Every poem in Franny Choi's The World Keeps Ending, and the World Goes On, has a line--or a few--where readers realize that, yes, this poem is for them. Her third collection is filled with such moments, lines that sing out, grabbing readers by the throat--or by the hand--and holding them there. Sometimes, it comes at the beginning of the poem, as in "Catastrophe Is Next to Godliness," which opens: "Lord, I confess I want the clarity of catastrophe but not the catastrophe./ Like everyone else, I want a storm I can dance in./ I want an excuse to change my life."
Others arrive at the end of the poem, a gut-punch like the lines that close "Good Morning America," a poem of nine, three-line stanzas: "Come in, last year's wreck, rent./ Grief's a heavy planet, and green./ I know better than to call/ each gravity's daughter to my softest cheek./ I know, and I know./ So what?" Each word clacks and bruises against the next, and the enjambment across stanzas forces both a forward rhythm and a pause. It is musical and discordant; it is a thing of beauty and a thing of pain.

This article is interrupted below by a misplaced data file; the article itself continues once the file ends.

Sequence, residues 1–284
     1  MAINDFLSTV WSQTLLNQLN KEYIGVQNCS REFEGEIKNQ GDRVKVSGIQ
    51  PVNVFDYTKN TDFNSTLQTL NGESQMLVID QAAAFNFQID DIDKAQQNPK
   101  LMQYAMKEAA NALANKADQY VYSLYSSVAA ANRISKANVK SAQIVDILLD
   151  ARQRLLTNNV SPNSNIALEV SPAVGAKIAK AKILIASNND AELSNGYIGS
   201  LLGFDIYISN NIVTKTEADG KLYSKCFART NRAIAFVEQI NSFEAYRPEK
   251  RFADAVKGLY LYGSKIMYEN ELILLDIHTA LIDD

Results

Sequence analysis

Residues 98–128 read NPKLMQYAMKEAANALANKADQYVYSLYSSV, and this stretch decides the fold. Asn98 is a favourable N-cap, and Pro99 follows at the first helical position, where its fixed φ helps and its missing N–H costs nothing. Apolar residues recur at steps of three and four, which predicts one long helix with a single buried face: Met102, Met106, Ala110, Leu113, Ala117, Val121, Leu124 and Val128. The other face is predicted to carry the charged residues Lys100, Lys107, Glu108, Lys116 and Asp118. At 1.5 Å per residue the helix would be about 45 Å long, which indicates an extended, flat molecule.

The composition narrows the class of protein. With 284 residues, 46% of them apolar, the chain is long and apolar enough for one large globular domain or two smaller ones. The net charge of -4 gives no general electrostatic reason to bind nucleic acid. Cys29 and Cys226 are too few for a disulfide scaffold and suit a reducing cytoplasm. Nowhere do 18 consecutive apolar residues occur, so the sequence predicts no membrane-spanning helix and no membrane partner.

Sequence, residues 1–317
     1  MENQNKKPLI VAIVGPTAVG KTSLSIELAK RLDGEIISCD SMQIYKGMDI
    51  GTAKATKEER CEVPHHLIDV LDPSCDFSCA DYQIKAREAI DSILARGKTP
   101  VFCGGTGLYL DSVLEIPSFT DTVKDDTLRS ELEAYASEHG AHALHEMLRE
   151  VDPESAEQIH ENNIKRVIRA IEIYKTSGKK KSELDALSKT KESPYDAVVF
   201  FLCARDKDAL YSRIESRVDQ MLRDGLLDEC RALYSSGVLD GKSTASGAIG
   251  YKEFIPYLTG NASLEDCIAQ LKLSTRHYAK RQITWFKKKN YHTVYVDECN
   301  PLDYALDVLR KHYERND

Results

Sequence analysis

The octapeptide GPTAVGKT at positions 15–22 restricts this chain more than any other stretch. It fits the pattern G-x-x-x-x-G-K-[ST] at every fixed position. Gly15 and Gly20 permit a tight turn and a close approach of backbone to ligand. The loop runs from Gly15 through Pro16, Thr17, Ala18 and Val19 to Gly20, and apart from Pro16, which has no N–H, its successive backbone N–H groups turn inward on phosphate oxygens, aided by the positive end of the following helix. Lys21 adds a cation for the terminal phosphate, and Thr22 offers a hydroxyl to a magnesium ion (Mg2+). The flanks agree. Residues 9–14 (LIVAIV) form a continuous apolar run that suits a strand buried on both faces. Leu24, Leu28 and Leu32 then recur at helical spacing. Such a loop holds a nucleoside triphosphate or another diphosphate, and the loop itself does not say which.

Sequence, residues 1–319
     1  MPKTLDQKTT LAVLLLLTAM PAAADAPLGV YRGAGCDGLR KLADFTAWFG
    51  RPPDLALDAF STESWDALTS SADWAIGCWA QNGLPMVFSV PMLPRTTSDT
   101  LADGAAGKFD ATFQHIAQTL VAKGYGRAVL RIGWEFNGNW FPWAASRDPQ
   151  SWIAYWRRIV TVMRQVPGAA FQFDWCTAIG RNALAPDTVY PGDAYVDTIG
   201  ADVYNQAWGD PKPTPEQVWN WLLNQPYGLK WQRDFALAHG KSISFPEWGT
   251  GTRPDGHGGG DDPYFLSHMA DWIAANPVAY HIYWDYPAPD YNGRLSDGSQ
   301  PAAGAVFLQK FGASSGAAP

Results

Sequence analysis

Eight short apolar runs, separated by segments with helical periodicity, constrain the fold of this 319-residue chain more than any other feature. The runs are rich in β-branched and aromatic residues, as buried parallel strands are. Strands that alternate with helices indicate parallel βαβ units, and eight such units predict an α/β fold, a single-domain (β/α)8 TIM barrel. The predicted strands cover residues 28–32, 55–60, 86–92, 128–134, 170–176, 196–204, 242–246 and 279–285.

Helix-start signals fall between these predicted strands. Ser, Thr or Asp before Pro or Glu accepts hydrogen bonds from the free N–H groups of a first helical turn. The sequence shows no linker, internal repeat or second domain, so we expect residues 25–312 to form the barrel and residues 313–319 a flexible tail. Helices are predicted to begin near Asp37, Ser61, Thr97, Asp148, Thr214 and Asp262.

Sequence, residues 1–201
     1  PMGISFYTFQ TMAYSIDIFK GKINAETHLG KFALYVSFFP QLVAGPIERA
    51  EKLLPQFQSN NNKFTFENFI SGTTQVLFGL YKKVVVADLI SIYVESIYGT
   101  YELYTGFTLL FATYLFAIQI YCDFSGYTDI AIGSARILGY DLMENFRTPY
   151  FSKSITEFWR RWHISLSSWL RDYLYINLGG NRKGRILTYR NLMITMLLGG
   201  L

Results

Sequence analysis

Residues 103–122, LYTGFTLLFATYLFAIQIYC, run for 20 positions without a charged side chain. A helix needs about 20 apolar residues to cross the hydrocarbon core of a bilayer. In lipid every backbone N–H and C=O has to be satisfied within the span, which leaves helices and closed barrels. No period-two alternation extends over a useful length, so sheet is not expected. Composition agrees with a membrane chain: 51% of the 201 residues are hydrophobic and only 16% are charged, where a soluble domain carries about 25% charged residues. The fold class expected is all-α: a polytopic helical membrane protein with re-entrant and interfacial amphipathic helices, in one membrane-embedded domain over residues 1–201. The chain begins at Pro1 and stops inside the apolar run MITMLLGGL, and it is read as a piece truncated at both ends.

Choi's collection is about endings of all sorts, those that happened in the past and those still to come, those that are always already happening. The poems mingle historical despair with alt-historical hope, and always there is family. Dedicated to the author's parents and grandparents, this collection rings with the memories of ancestors, and Choi (Soft Science) calls on them like muses: "O, my badly loved grandmothers,/ I kin you to me, facelessly." Present here, too, are the voices of community--friends and activists, people joining in protest and in the shared work of world-saving and world-changing, even in the face of uncertainty. Acknowledging the weight of the unknown, she writes in "How to Let Go of the World," "I don't know how to do it: hold their faces in my hands and tell them what's waiting. How to teach any of us to follow this song, into what dark." Those arresting lines fall neither at the beginning nor the end of the poem, but readers can find them and know: this poem has heft and should be shouldered, but carefully.
Lines like these--poems like these--remind readers of what is possible in poetry. --Sara Beth West, freelance reviewer and librarian
Shelf Talker: The World Keeps Ending, and the World Goes On is an often heavy and always beautiful collection about endings of all sorts.